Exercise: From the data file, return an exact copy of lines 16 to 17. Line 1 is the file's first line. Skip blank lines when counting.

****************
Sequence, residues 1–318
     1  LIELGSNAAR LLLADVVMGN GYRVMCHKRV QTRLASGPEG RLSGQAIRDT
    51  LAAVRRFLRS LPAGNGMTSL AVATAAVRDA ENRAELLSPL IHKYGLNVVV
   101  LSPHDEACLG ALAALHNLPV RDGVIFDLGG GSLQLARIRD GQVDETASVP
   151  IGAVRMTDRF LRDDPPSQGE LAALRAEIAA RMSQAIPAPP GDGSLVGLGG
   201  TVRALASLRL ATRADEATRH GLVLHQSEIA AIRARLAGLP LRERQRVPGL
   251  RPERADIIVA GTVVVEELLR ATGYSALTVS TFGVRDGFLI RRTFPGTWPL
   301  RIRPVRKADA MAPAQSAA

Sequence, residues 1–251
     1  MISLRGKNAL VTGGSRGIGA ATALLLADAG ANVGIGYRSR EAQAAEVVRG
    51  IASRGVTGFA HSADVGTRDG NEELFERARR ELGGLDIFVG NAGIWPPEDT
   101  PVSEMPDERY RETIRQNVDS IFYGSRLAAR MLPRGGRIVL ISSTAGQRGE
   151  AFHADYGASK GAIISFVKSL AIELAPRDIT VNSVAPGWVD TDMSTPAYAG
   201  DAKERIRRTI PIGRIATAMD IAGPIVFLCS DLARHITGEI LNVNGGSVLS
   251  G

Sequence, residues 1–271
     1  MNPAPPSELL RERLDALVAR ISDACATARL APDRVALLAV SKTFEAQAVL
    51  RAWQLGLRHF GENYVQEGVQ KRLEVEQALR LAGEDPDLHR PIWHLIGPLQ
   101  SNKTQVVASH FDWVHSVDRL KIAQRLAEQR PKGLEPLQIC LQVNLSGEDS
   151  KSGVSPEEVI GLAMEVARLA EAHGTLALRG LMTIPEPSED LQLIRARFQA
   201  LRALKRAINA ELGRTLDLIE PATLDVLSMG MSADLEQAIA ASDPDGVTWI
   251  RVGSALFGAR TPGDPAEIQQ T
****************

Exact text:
Sequence, residues 1–271
     1  MNPAPPSELL RERLDALVAR ISDACATARL APDRVALLAV SKTFEAQAVL